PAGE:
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Discussion Starter #1
Hello... I recently had someone install a outdoor gfi on the balcony. I noticed the entire box was exposed. The gfi was not built in to the stucco of the house like the ones that came with the house were. Is it safe? The contractor gave me some reason I dont understand why he did not install the switch in the stucco.
 

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If it is a weather proof box with an inuse cover it is safe.
If you have questions about the box, snap a picture for us to see.
The reason I don't try to install a box into stucco, is I won't take the time to repair the stucco afterword, which may take longer for me than the install of the receptacle.
 

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If it is a waterproof box it is fine. Installed as a surface mount to avoid chipping the stucco as well use using a none waterproof box for a recessed application may still allow water to get in to the box through the stucco, so you would have a worse job. If installed prior to the stucco as your old house, a special box made for that application would have been used.
 

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Discussion Starter #5
thanks.... I just wanted to be sure it is safe. Also.. it doesnt look as nice as the gfi that was built into the stucco by the builder. It is a waterproof box but I was concerned because it is always exposed since it is mounted on the outside of the stucco. I thought surely water could find its way in there.

If it is a waterproof box it is fine. Installed as a surface mount to avoid chipping the stucco as well use using a none waterproof box for a recessed application may still allow water to get in to the box through the stucco, so you would have a worse job. If installed prior to the stucco as your old house, a special box made for that application would have been used.
 

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If it is a weather proof box with an inuse cover it is safe.
If you have questions about the box, snap a picture for us to see.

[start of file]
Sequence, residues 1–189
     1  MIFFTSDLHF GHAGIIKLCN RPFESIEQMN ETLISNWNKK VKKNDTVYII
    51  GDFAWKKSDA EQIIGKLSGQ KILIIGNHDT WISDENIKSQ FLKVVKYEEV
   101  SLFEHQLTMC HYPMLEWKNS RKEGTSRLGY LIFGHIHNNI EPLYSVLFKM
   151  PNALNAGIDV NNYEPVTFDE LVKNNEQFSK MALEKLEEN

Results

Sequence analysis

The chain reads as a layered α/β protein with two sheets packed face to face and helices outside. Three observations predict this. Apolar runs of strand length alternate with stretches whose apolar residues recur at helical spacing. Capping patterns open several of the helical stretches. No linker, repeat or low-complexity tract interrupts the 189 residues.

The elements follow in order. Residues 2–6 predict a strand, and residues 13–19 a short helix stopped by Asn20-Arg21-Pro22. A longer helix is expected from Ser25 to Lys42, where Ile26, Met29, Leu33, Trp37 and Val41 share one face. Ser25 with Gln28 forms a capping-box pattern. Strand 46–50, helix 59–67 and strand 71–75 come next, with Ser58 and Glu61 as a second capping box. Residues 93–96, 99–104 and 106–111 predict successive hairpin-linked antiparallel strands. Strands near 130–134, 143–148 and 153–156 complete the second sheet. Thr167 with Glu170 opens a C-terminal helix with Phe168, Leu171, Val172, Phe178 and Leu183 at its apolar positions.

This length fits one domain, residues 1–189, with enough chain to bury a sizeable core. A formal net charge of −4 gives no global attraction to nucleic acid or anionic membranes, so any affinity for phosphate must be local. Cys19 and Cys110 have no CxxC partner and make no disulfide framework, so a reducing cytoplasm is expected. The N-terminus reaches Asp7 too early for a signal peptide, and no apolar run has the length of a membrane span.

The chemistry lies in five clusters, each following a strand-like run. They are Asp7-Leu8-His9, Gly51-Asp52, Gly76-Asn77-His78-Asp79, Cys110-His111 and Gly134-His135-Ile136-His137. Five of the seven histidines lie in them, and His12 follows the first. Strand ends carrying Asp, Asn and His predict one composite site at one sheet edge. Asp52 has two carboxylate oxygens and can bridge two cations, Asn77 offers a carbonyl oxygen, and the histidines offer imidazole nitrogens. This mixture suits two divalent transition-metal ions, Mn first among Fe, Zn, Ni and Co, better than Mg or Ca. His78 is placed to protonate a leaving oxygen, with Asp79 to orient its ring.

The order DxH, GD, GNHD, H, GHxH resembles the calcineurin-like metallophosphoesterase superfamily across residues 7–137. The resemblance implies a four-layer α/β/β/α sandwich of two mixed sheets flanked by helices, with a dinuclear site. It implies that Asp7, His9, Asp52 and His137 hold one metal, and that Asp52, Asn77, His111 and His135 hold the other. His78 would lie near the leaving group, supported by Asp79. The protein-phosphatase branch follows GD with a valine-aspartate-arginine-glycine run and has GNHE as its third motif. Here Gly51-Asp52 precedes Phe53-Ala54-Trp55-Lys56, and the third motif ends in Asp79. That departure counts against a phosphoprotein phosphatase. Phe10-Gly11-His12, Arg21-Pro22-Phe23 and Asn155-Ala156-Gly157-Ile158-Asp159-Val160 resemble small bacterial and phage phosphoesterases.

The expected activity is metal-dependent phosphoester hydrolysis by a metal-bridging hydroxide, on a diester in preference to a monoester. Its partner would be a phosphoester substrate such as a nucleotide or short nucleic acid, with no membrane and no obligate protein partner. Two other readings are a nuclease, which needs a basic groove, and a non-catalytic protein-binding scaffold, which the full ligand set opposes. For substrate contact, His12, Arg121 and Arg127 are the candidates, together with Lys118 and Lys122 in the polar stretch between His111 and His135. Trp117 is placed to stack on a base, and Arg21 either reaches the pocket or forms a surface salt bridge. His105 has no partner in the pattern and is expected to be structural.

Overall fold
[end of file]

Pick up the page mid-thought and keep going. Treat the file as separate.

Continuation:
The reason I don't try to install a box into stucco, is I won't take the time to repair the stucco afterword, which may take longer for me than the install of the receptacle.
Cut the stucco with a Fein Multi-Master and you will not chip the stucco.
 

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Cut the stucco with a Fein Multi-Master and you will not chip the stucco.
Spend $300 for a tool that I may need 3 times a year?
No thanks:laughing:




I would like one though!:thumbsup:
 

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Spend $300 for a tool that I may need 3 times a year?
No thanks:laughing:




I would like one though!:thumbsup:
Dremel has a less expensive one ($99) not as good or as rugged, but for those 3-4 times a year you need it, it is well worth the $.
 

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Spend $300 for a tool that I may need 3 times a year?
No thanks:laughing:




I would like one though!:thumbsup:
It will be handy for trimming plates, cutting any material without chips for cut-in boxes. I am an electrical contractor and had one for 15 years now. Actually I now have three multi-masters. Just wait until you can afford or can justify the Fein, the others are not accurate enough for professional work.
 

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I bought a MM a while back. I don't know how I managed all these years without one. I'll bet I have used it a dozen times this month alone. It's like a sawzall, but it has finesse.
 

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Discussion Starter #11
So the reason the contractor may have installed the surface mount is because it is safer than trying to install it recessed in the stucco? Is there a way to install the gfi in the stucco waterproof/tight/ safely? Or would that not be recommended? It looks so much better recessed.
If it is a waterproof box it is fine. Installed as a surface mount to avoid chipping the stucco as well use using a none waterproof box for a recessed application may still allow water to get in to the box through the stucco, so you would have a worse job. If installed prior to the stucco as your old house, a special box made for that application would have been used.
 

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You can install it anyway you want. All it takes is time (your contractor's) and money (yours) to flush mount it. And, it may involve other crafts (i.e., drywall). If installed properly, it just doesn't matter -- both are safe.

A picture would be helpful.
 

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Well, I really could use a Fein mulimaster, but the patent ran out a year or two ago, and now there are a few copies.

I just bought the Rockwell Sonicrafter copycat for $139 and a bunch of blades were included. The dremel was to small for my uses...

Here is a short video of the Rockwell at work; the guy uses it as a hammer, which I wouldn't do, but this 2.3 amp tool is fantastic so far: http://www.youtube.com/watch?v=ew7ZJx0e1ag

It is not a Fein, but it is a really good copy, in my opinion. Now I don't have to borrow the Fein from different buddies anymore... :thumbup:

I couldn't justify the outrageous price for replacement blades on the Fein.

The Rockwell is burly.
 
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